Northern, rural schools at a disadvantage
Results from People for Education’s 19th Annual School Survey raise significant questions about the impact of geography on students’ equitable access to education.
Students living in small towns, rural and Northern communities are less likely to have music or health and physical education teachers, have less access to psychologists, and are more likely to attend schools that put caps on waiting lists for special education.
People for Education’s 2016 Annual Report on Ontario’s Publicly Funded Schools – based on survey results from 1154 elementary and secondary schools across Ontario – recommends a review of Ontario’s funding formula in order to address the inequities.
THE RURAL /URBAN DIVIDE
This year’s report examines differences between resources and programs in small town/rural schools compared to urban/suburban schools. Because most education funding is allocated according to enrolment, small town and rural boards – which are more likely to have smaller schools – may be at a disadvantage.
- 61% of urban/suburban elementary schools have a health and physical education teacher, compared to 30% of small town/rural schools;
- 52% of urban/suburban schools have a music teacher, compared to 30% of small-town/rural schools;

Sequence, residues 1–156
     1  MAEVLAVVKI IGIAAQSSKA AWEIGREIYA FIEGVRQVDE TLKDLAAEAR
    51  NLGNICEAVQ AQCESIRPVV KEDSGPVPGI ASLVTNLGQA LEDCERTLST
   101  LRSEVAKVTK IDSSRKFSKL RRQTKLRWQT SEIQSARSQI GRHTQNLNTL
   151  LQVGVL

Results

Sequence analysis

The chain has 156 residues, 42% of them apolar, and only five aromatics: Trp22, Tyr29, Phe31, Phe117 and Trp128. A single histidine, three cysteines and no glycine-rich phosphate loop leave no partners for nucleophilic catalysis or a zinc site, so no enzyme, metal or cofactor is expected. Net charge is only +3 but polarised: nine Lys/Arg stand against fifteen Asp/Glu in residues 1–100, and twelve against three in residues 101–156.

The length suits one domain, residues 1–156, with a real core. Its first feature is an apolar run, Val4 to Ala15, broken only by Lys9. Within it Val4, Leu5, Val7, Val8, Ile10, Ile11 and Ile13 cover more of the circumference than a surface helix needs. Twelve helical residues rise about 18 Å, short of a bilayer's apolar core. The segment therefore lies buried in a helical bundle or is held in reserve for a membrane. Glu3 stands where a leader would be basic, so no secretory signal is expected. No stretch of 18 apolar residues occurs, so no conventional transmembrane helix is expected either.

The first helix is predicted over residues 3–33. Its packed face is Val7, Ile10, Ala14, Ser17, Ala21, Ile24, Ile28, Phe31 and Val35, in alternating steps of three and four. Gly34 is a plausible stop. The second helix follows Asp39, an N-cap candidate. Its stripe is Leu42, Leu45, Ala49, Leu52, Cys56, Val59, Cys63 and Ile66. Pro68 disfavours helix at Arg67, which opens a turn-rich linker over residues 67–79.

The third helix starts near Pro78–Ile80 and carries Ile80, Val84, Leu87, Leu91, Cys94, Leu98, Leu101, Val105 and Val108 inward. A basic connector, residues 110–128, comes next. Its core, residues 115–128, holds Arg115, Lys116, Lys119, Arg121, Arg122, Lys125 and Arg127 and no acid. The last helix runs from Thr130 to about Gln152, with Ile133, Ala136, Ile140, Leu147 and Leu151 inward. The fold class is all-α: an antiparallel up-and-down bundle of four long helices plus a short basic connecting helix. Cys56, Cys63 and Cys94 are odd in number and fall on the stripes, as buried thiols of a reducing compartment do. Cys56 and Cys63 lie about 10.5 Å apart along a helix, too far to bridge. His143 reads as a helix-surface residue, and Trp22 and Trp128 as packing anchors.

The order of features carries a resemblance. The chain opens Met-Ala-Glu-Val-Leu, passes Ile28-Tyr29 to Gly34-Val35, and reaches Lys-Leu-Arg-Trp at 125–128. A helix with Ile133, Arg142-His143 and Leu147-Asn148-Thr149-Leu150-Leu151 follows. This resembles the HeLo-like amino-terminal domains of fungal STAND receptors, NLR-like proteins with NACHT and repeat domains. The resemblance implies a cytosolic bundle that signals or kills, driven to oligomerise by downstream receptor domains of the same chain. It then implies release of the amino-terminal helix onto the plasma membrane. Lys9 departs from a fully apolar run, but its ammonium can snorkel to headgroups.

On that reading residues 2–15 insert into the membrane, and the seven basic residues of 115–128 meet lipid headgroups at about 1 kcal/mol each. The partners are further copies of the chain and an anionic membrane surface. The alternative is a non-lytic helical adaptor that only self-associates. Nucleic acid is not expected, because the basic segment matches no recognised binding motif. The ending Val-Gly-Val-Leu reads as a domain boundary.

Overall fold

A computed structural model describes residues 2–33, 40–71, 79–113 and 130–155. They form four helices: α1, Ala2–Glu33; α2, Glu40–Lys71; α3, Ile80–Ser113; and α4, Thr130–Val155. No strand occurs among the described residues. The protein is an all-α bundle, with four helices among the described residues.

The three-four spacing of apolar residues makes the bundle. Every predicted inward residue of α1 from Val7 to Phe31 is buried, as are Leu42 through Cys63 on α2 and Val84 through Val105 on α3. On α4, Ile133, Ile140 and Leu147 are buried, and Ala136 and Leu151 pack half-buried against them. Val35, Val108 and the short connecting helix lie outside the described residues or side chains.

- 60% of elementary schools in urban/suburban areas have a teacher-librarian, compared to 44% of small town/rural schools;
- 94% of urban/suburban secondary schools have a full-time guidance teacher, compared to 74% of small town/rural schools; and
- 62% of urban/suburban elementary schools have regular access to social workers, compared to 30% of small-town/rural schools.
IMPROVEMENTS IN HEALTH AND PHYSICAL EDUCATION
Over the past 10 years, the province has introduced a number of policies to support students’ physical and emotional health. This focus on students’ health appears to have had an impact on schools’ access to a range of specialists:
- 48% of elementary schools have a health and physical education teacher, a fairly steady upward trend from 40% in 2009.
- 50% of elementary and 76% of secondary schools have access to a regularly scheduled social worker, compared to 43% of elementary and 63% of secondary schools in 2012.
- 37% of elementary and 53% of secondary schools have access to a regularly scheduled child and youth worker, compared to 33% of elementary and 51% of secondary schools in 2012.
To read the press release, click here.
To read the report, click here.
To read comments from Andrea Walden, family farm operator, click here.